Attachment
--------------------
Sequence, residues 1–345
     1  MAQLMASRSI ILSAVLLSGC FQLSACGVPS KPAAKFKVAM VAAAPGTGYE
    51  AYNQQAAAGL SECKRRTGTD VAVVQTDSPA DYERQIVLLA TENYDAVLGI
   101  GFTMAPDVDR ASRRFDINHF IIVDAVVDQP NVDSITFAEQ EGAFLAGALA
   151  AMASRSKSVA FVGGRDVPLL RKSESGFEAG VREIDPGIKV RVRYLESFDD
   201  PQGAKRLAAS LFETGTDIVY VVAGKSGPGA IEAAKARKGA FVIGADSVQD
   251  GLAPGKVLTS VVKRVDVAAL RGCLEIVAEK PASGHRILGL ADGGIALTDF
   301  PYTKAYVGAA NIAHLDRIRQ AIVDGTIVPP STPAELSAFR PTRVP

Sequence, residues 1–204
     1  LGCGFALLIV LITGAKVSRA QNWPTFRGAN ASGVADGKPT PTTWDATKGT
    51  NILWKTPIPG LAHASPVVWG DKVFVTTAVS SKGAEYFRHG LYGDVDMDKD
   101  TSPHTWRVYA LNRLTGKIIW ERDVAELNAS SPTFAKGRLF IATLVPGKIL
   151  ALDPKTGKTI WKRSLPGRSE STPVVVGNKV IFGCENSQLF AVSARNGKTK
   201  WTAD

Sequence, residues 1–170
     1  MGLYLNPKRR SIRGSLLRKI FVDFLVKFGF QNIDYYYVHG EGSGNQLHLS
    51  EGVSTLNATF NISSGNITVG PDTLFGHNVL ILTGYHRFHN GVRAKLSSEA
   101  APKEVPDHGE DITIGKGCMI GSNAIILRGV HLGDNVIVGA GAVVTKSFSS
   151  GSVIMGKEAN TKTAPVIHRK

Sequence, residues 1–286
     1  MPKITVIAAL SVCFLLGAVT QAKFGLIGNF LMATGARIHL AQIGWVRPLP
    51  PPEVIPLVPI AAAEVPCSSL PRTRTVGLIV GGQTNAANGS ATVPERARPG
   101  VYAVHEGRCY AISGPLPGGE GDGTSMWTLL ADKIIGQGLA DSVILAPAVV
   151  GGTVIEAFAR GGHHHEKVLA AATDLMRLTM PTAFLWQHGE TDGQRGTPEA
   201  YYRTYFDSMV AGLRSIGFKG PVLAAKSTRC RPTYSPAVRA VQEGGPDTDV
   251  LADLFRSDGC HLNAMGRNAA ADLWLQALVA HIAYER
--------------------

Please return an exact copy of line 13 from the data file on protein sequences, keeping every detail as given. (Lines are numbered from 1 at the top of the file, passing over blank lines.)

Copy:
   151  ALDPKTGKTI WKRSLPGRSE STPVVVGNKV IFGCENSQLF AVSARNGKTK